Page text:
Ambassador: Poland’s decision to deny entry to Russian bikers will not go unnoiticed

Poland’s decision to deny entry to Night Wolves bikers participating in the Moscow-Berlin motocross dedicated to the 70th anniversary of Victory Day will negatively affect bilateral relations between Warsaw and Moscow, Russia’s Ambassador to Poland Sergey Andreev said on Tuesday.

Poland’s decision to deny entry to Night Wolves bikers participating in the Moscow-Berlin motocross dedicated to the 70th anniversary of Victory Day will negatively affect bilateral relations between Warsaw and Moscow, Russia’s Ambassador to Poland Sergey Andreev said on Tuesday.

"There were no grounds for such decision," Andreev told Rossiya 1 TV channel. "We regret that such a decision was made," he added.

"Of course, such situations cannot go unnoticed for our future relations," the diplomat noted. "The 70th anniversary of Victory Day and everything connected to it is definitely a very sensitive topic for us," he stressed.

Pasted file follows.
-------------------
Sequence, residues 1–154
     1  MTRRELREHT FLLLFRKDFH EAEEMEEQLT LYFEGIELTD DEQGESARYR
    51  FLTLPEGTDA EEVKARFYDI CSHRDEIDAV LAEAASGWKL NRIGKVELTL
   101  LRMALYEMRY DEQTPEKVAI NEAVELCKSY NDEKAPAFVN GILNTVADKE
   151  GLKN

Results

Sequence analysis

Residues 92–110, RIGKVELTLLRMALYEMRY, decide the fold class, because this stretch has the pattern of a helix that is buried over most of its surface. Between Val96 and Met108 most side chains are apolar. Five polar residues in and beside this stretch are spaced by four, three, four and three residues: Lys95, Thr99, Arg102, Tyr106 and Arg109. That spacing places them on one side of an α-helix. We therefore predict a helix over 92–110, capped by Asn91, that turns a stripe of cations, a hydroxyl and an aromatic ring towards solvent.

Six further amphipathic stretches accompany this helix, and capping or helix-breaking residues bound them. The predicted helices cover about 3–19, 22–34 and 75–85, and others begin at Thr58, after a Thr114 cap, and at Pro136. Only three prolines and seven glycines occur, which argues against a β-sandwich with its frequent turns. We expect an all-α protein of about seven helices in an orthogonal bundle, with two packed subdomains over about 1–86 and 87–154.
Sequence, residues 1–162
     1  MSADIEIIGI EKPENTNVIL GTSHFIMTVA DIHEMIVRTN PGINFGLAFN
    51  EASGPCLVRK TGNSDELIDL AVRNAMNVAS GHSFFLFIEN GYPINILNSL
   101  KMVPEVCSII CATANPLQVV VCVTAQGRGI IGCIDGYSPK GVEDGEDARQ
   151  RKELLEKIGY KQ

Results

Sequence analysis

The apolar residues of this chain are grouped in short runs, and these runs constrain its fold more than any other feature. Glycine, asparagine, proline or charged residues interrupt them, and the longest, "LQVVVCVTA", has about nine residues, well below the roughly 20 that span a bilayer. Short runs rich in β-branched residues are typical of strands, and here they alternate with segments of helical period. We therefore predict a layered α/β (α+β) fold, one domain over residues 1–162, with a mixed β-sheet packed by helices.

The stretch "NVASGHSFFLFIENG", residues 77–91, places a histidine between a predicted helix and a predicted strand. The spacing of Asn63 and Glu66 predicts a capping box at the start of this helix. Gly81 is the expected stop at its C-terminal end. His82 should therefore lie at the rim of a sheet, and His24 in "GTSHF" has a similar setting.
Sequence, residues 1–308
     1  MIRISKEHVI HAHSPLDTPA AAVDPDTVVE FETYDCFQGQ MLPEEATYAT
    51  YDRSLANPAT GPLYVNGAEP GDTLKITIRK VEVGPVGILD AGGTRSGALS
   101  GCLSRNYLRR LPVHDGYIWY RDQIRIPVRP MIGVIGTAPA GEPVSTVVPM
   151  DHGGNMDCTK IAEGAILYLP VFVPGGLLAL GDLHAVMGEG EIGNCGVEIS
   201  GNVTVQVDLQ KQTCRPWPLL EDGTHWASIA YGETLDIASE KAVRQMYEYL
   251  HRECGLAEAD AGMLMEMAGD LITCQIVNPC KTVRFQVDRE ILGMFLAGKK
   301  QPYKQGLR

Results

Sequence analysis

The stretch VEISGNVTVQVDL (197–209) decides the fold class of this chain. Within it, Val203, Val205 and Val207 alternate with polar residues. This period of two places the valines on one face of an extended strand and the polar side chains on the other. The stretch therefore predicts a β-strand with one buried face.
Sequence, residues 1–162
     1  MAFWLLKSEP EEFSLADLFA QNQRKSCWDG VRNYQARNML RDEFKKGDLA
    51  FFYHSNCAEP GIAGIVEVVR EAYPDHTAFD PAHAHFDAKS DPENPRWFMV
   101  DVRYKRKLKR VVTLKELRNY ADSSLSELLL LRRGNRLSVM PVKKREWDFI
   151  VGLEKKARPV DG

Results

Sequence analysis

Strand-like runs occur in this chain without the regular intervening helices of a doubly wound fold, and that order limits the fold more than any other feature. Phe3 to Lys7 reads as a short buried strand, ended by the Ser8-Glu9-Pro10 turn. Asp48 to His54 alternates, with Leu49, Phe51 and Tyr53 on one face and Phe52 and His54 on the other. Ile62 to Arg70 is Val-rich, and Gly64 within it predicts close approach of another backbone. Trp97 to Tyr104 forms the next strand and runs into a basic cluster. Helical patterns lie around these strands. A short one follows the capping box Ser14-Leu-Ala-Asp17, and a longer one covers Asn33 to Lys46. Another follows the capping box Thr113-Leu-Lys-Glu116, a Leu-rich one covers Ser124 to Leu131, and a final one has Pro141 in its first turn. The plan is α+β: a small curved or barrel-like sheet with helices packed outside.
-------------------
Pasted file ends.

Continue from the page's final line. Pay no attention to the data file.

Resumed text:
The Polish authorities didn't allow Russian bikers from the Night Wolves club to ride through the Polish territory, saying the motocross represents "a political provocation." The decision came in spite of remarks by Poland’s former Prime Minister Leszek Miller who called the step "a political paranoia."

The Polish Interior Ministry sent a note to the Russian Embassy in Poland "containing information on refusing entry to the territory of Poland to an organized group of motorcyclists, including representatives of the Night Wolves club."

First published by TASS.

All rights reserved by Rossiyskaya Gazeta.

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